‘Rosemary’s Baby’ and Psychological Terror Through Body Politics

Rosemary’s Baby, originally a novel written by Ira Levin released in 1967, was thought to be a literary masterpiece back in its day — a horror novel, but one full of doubt and mystery — an uncommon occurrence as horror was usually entirely predictable back then. Levin’s novel turned screenplay eventually ended up becoming one of my favorite films of all time.

A film like Rosemary’s Baby says more about women’s health and women’s rights than director Roman Polanski ever stood for — the type of man who thinks birth control gives women too much power, masculinizes them, and believes that gender equality is, in his own words, “idiotic.” On top of that, back in 1977, Polanski pleaded guilty to unlawful intercourse with 13-year-old Samantha Geimer— making him not precisely the best director to explore the politics of the female body, and the last type of person we would ever want to be associated with Rosemary’s Baby.

Rosemary’s Baby (1968) – source: Paramount Pictures

The titular character of Rosemary Woodhouse — portrayed flawlessly by the ethereal Mia Farrow, is a timid and soft-spoken young woman who longs for freedom in her skin. Rosemary moves into a high-rise building in New York City with her husband Guy (John Cassavetes), where they seemingly have a perfect and flourishing relationship.

The strange and quirky neighbors in their building, The Castevets, quickly choose Rosemary as the perfect candidate for a disturbing plan. They approach Guy with an ultimatum: if he offers up Rosemary to carry Satan’s child, he will gain success, fame, and glory in his career as an actor. Unbeknownst to Rosemary and behind her back — Guy makes a deal with the devil. Rosemary is raped, surrounded by a coven of witches — assured it was all just a dream. “It was fun, in a necrophile sort of way,” Guy says when she wakes the next morning, her back and sides covered in bloody scratches. Ultimately, everyone in this poor woman’s life works and conspires against her to make sure that Satan’s first and only living son makes it out of her alive.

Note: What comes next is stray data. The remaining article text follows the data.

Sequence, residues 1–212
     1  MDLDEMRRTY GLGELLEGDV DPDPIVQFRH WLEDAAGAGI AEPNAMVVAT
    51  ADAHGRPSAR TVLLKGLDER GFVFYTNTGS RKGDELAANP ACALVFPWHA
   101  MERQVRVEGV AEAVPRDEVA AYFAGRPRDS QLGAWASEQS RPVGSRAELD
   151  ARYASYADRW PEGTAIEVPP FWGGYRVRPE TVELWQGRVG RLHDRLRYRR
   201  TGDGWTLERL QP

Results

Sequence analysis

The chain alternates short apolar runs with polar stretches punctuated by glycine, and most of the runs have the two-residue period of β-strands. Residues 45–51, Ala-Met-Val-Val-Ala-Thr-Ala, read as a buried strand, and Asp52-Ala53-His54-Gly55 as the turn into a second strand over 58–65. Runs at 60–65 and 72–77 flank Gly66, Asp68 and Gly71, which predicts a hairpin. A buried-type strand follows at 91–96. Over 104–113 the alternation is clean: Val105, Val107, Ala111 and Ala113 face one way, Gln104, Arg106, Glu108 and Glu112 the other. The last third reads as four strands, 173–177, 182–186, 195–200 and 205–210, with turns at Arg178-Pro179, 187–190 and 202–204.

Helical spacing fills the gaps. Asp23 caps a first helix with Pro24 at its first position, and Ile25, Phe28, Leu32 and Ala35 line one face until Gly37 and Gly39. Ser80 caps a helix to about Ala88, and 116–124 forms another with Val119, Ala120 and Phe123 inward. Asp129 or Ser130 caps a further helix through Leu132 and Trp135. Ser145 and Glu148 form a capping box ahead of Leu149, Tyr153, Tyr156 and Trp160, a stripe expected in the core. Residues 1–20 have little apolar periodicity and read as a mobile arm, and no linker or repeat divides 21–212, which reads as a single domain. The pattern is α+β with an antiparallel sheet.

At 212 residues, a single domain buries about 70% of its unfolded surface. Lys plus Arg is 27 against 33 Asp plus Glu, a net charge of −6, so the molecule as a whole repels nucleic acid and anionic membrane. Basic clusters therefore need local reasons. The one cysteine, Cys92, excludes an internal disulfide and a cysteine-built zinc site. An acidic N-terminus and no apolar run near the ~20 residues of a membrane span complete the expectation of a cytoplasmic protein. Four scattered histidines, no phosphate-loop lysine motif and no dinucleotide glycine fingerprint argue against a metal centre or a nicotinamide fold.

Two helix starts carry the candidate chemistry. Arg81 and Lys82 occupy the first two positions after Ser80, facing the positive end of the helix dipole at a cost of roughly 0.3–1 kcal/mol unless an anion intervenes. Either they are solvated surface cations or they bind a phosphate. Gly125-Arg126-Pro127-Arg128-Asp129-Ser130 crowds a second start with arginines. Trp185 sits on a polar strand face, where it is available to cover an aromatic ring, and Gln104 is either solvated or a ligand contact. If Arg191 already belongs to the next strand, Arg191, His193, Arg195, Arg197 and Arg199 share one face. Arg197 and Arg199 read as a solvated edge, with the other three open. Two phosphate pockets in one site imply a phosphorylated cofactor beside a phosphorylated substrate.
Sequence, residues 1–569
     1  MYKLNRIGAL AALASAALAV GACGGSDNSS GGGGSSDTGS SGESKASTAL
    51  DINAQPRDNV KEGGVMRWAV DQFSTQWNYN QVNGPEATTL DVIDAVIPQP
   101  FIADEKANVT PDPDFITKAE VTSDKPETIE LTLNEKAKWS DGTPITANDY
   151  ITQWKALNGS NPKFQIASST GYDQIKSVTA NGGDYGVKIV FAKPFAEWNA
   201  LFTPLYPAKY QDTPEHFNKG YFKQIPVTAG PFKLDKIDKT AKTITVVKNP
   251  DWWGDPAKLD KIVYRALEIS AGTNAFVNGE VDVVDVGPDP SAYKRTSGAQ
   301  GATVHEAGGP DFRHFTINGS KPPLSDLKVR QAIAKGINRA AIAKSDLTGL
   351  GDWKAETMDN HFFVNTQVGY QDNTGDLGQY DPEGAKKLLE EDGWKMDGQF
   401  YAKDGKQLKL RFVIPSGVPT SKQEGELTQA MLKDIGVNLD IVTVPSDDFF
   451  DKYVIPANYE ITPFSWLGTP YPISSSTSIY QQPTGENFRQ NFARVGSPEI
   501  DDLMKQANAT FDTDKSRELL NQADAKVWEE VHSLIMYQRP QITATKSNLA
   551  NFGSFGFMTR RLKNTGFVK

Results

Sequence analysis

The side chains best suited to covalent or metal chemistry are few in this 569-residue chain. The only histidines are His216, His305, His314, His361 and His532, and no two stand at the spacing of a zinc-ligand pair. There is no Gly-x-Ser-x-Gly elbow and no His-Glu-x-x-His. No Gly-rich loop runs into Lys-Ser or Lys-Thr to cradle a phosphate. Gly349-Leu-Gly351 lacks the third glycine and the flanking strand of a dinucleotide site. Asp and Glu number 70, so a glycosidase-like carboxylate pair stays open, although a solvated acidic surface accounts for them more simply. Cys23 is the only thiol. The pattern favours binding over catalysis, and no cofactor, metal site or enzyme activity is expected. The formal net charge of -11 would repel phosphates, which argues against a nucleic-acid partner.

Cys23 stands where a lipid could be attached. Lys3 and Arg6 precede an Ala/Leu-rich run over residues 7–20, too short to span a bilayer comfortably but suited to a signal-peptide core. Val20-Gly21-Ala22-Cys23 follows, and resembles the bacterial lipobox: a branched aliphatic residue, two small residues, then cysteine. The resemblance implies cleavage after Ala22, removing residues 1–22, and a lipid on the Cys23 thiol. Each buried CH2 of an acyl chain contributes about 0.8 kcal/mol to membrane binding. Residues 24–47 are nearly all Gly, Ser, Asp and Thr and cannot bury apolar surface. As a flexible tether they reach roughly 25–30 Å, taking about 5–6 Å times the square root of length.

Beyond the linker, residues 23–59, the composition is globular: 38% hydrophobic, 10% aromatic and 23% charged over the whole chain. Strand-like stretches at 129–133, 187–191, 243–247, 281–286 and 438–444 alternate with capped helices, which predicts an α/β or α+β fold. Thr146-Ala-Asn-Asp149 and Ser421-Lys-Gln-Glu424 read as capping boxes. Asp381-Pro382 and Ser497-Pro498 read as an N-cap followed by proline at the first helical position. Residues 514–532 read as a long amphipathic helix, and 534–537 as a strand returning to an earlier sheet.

Rosemary's Baby
Rosemary’s Baby (1968) – source: Paramount Pictures

When Rosemary wakes up covered in red scratches, Guy makes fun of her for “getting so drunk that she blacked out,” — trying to hide his guilty conscience. It becomes evident that he would rather have Rosemary think that he had sex with her while she was unconscious than telling her the truth.

Rosemary’s first moment of actual realization comes when she throws a party — invited friends who confirm that being in constant pain is not a normal part of pregnancy. The crowd in the kitchen and the women tell her, “pain like that is a warning that something isn’t right.” She is relieved to find that her concerns are valid until Guy responds by saying her friends are “not very bright bitches who should mind their own business!”

Rosemary’s biggest fear in the film is one that’s all too familiar for millions of women  around the world –  “what if I didn’t have control over my body?” Rosemary’s body is taken by her husband, by her doctor, her neighbors, and even Satan himself. The only person who doesn’t have a say in her reproduction is Rosemary. She makes many failed attempts to free herself and her unborn child from the horror of what she believes to be happening to her life and her body — we watch on and follow her as she discovers at the very end what the audience knew all along.

Rosemary’s Baby (1968) – source: Paramount Pictures

The scariest part of Rosemary’s Baby is that it shows us just how awful it is to be a woman in society. Rosemary seemingly had everything she could ever ask for: a charming actor for a husband, a new apartment in one of the best cities in the world, and a baby on the way. Rosemary’s Baby shows us that the world could give you absolutely everything except control of your rights.

Polanski has arguably made one of the most iconic films in cinematic history — struggling to enjoy it when we think about the unforgivable mistakes he has made, and the shameful crimes he has committed. I’ve learned, through trial and tribulation, that art can stand on its own apart from his curator — that to me is the beauty of cinema.

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